It’s almost impossible to talk about sous-vide cooking without someone bringing up the “wet bag.” “I don’t want food that looks like it just came out of a wet bag,” they say. “I just don’t find the idea of eating out of a wet bag that appealing.” These sentences aren’t absurd, but they are a little silly, as anyone with any degree of sous-vide experience knows that you have to finish sous-vided meat with some sort of other heat source. The grill works well.
In fact, if you ever get to go to another BBQ, potluck, or picnic — you know, with other people — I suggest you bring one of those wet bags of already cooked meat, bonus points if the wet bag is also cold. Doing so may seem like social sous-icide, but trust me, it will make you the belle of the BBQ ball.
You just have to be slightly thoughtful about the meat you choose. Pre-cooked hot dogs don’t make any sense, but extremely tender ribs that have been cooked for 12 hours at 80 degrees Celsius? Those are glorious. Just brush them with sauce and throw them on the grill until a bark develops and they’re heated through (barely 10 minutes). Those who mocked your wet bag of cold meat just moments earlier will pivot to apologies. “We are so sorry for mocking your bag of meat,” they will say, mouths full of meat. “We didn’t know rib meat could fall from the bone this cleanly and easily!”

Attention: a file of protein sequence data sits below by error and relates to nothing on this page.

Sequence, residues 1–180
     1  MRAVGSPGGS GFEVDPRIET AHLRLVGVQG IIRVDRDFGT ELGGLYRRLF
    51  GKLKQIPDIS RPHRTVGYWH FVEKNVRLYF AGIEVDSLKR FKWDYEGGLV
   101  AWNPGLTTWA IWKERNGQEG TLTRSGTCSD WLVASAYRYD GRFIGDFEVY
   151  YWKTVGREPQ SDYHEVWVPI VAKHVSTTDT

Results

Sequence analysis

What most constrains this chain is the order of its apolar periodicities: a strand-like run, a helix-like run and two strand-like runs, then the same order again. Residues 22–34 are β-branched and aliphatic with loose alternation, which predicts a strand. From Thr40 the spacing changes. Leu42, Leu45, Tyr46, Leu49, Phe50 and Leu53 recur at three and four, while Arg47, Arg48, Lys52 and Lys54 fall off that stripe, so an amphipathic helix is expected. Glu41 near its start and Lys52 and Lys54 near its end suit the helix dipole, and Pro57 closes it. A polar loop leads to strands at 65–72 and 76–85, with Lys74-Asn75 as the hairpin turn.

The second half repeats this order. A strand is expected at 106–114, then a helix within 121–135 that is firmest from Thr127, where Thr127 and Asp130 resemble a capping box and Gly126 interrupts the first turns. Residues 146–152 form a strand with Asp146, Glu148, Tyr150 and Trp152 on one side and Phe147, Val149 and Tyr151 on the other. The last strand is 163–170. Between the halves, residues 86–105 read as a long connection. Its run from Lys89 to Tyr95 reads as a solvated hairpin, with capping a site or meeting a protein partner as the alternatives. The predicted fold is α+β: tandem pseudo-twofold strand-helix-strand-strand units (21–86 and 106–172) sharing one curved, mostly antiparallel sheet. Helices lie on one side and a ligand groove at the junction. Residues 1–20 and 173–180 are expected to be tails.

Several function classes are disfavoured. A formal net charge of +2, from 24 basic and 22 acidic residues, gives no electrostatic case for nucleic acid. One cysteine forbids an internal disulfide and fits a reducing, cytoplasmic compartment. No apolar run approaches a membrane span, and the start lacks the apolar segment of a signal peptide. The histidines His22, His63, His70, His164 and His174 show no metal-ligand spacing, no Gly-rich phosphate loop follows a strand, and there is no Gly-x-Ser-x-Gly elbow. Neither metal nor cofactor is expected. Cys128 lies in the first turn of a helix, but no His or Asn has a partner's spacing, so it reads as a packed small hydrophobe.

Ribs are not the only meat you should sous-vide before the BBQ. Very thick burgers (60 degrees Celsius for 45 minutes for medium) work well, as do massive bone-in ribeyes (54 degrees for two and a half hours). If you’re looking for something a fun and exciting and different, give pig’s feet a whirl. Anything that’s large, or full of connective tissue, or large and full of connective tissue is a good choice. (If you need cooking temps and times, Anova has them for almost any meat you can think of.) A long, low-temperature spell in a precisely controlled water bath means that the collagen and fat have the time to properly melt and mingle, and — as is the case with all sous-vide cooked food — you get a piece of meat that is cooked evenly from end to end.
Also, you can cook your meat a couple of days ahead of time, then chill it in the fridge until your BBQ. (Meathead says that can even improve the flavour.) Then, once you’re at the BBQ, remove your cold meat from the wet bag and blot it with paper towels to remove any excess moisture, season with a rub or sauce, then throw it on a super hot grill to get those grill marks/crust/whatever kind of browning action you are going for. I can’t guarantee your friends and family will never make fun of you again, but they’ll think twice about bagging on your cold, wet bags of meat.